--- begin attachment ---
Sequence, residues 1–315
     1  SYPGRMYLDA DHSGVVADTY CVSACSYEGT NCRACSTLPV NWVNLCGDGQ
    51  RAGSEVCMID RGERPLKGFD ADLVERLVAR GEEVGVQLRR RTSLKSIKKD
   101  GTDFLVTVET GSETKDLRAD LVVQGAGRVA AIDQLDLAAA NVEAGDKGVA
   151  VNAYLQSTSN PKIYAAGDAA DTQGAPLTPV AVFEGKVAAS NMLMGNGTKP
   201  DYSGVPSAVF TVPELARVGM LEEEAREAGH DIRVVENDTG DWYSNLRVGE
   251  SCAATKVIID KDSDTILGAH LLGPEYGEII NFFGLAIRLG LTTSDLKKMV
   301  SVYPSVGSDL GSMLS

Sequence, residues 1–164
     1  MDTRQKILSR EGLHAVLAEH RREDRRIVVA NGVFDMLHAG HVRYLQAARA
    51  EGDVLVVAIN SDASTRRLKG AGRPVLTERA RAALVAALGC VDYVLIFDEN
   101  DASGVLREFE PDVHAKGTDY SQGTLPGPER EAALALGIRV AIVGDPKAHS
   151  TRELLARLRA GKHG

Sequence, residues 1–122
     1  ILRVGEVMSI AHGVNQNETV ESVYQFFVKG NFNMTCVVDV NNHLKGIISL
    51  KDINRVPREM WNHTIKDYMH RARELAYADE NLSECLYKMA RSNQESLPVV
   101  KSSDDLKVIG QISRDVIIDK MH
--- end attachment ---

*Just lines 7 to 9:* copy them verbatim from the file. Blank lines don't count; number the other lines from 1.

   251  SCAATKVIID KDSDTILGAH LLGPEYGEII NFFGLAIRLG LTTSDLKKMV
   301  SVYPSVGSDL GSMLS

Sequence, residues 1–164